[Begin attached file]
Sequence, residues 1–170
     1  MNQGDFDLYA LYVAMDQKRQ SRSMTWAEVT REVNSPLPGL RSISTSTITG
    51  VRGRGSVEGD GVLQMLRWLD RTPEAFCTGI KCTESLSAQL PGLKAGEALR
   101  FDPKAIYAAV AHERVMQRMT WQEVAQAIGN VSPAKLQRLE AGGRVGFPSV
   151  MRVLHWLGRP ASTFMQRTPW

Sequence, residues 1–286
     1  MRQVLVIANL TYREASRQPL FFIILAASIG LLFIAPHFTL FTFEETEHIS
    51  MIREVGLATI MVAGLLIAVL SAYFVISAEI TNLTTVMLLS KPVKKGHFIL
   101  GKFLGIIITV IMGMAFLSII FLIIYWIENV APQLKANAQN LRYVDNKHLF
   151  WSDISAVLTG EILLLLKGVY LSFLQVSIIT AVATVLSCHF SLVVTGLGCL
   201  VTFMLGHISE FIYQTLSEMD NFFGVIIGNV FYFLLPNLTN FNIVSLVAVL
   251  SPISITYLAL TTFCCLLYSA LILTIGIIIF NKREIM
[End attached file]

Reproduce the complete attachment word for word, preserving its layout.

Sequence, residues 1–170
     1  MNQGDFDLYA LYVAMDQKRQ SRSMTWAEVT REVNSPLPGL RSISTSTITG
    51  VRGRGSVEGD GVLQMLRWLD RTPEAFCTGI KCTESLSAQL PGLKAGEALR
   101  FDPKAIYAAV AHERVMQRMT WQEVAQAIGN VSPAKLQRLE AGGRVGFPSV
   151  MRVLHWLGRP ASTFMQRTPW

Sequence, residues 1–286
     1  MRQVLVIANL TYREASRQPL FFIILAASIG LLFIAPHFTL FTFEETEHIS
    51  MIREVGLATI MVAGLLIAVL SAYFVISAEI TNLTTVMLLS KPVKKGHFIL
   101  GKFLGIIITV IMGMAFLSII FLIIYWIENV APQLKANAQN LRYVDNKHLF
   151  WSDISAVLTG EILLLLKGVY LSFLQVSIIT AVATVLSCHF SLVVTGLGCL
   201  VTFMLGHISE FIYQTLSEMD NFFGVIIGNV FYFLLPNLTN FNIVSLVAVL
   251  SPISITYLAL TTFCCLLYSA LILTIGIIIF NKREIM